- a natural manure composed chiefly of the excrement of sea birds, found especially on islands near the Peruvian coast.
- any similar substance, as an artificial fertilizer made from fish.
Origin of guano
1595–1605; < Spanish: fertilizer, dung; American Spanish huano dung < Quechua wanu dung for fuel, fertilizer
Dictionary.com Unabridged Based on the Random House Unabridged Dictionary, © Random House, Inc. 2018
Examples from the Web for guano
He was the man who said my browns were all put in with guano.
"I thought you gentlemen were in the guano business," says I, when he had finished.Wild Justice: Stories of the South Seas
The evidence in favor of guano in this case, needs no comment.
This is not only the most valuable, but is found in the largest quantities of any other guano known.
It will not do to put the guano in the hill and plant the corn upon it.
- the dried excrement of fish-eating sea birds, deposited in rocky coastal regions of South America: contains the urates, oxalates, and phosphates of ammonium and calcium; used as a fertilizer
- the accumulated droppings of bats and seals
- any similar but artificial substance used as a fertilizer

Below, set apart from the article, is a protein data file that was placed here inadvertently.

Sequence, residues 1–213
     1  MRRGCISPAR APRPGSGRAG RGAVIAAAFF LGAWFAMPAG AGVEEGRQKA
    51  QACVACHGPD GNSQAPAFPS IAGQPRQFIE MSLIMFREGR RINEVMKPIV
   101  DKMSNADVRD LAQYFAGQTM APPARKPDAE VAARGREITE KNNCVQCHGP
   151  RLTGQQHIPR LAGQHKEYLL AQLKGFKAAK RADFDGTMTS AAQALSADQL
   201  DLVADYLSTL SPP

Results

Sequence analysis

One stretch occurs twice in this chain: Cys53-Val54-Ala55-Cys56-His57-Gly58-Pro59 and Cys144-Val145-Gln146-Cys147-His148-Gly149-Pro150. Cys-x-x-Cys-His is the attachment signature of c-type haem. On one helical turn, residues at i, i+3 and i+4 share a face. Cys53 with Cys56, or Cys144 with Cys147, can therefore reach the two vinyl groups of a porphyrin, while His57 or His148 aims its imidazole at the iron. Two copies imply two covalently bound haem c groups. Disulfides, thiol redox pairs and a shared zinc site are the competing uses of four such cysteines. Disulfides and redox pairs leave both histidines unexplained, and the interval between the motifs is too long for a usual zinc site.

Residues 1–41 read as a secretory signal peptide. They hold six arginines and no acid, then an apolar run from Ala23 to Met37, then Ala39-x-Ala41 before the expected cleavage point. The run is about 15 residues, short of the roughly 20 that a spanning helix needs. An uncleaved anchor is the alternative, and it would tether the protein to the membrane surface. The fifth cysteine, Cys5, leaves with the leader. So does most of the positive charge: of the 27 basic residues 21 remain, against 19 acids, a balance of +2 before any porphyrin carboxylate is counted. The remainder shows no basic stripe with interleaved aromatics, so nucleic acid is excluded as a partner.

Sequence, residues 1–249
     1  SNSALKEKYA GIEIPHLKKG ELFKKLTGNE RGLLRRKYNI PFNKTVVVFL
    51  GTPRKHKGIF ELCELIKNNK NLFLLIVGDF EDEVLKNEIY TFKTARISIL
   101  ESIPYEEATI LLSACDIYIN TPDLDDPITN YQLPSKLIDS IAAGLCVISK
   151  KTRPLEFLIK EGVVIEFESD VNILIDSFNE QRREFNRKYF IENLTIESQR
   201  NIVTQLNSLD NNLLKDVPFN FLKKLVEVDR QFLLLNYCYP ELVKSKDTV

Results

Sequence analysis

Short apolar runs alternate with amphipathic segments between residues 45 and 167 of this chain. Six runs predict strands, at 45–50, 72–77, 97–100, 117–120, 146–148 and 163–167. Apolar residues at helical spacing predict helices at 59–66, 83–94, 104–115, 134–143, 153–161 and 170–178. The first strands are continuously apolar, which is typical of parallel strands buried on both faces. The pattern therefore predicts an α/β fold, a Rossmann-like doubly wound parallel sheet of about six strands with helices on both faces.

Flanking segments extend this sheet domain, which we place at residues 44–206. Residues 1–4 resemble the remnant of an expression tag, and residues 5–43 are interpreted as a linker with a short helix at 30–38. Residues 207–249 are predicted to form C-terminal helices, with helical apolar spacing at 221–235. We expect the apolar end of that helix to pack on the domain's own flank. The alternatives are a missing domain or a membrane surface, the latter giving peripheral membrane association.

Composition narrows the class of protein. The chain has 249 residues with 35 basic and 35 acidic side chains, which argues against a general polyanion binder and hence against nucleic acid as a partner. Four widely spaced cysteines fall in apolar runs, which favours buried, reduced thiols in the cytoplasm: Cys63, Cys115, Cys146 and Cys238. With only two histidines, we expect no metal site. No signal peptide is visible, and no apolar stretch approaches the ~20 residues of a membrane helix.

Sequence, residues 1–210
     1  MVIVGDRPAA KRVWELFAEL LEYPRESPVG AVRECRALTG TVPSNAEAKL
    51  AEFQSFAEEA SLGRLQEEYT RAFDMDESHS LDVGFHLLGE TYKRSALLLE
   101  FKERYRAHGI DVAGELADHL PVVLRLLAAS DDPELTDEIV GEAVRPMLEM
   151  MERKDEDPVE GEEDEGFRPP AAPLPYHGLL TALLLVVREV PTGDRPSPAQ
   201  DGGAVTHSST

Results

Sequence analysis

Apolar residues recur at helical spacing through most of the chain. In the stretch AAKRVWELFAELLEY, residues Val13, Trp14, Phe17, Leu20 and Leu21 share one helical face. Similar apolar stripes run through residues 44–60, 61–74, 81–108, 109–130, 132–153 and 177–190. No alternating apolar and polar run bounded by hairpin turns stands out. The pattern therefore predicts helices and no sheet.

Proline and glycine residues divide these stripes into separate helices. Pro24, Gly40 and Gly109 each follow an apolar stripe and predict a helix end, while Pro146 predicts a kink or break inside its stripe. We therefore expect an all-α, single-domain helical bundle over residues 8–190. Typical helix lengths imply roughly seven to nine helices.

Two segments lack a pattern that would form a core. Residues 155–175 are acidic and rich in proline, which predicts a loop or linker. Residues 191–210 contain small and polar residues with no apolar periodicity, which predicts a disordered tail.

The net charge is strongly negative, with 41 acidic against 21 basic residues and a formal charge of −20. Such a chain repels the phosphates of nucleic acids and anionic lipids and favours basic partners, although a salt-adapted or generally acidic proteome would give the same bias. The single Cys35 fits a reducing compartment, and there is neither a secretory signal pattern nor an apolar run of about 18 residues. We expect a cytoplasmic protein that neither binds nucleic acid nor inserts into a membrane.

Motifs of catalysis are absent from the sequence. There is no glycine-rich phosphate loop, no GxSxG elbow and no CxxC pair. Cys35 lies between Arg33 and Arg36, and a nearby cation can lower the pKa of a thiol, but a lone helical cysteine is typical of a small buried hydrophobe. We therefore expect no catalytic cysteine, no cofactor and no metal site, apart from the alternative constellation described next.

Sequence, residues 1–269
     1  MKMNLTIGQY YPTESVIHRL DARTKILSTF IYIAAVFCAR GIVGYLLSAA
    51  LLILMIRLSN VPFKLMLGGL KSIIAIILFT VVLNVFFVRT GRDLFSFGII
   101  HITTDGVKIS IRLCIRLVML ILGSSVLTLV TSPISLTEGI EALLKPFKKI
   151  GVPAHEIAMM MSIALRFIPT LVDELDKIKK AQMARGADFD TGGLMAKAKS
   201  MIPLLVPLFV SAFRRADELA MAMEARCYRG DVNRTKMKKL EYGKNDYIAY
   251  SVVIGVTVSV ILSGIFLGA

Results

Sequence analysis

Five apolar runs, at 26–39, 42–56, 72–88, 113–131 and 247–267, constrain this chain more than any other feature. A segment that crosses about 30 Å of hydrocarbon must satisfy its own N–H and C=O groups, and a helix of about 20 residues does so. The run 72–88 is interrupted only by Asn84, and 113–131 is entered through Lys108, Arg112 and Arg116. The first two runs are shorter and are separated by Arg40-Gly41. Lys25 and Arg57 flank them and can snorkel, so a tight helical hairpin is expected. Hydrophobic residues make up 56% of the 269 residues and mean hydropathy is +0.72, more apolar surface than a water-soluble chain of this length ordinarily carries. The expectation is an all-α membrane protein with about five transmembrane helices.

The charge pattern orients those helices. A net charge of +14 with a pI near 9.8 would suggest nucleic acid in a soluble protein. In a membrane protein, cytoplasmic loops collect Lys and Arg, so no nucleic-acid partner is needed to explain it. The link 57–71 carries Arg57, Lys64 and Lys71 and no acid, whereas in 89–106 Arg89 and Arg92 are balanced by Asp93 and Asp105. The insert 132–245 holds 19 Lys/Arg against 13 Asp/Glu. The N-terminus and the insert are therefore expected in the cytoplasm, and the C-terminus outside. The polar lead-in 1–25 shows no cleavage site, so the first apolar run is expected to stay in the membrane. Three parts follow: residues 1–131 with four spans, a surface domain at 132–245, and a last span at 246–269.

C17: from Spanish, from Quechuan huano dung
Collins English Dictionary - Complete & Unabridged 2012 Digital Edition © William Collins Sons & Co. Ltd. 1979, 1986 © HarperCollins Publishers 1998, 2000, 2003, 2005, 2006, 2007, 2009, 2012
Word Origin and History for guano
c.1600, from Spanish guano "dung," especially of sea-birds on islands off Peru, from Quechua huanu "dung."
Online Etymology Dictionary, © 2010 Douglas Harper
- A substance composed chiefly of the dung of sea birds or bats, accumulated along certain coastal areas or in caves and used as fertilizer.
- Any of various similar substances, such as a fertilizer prepared from ground fish parts.
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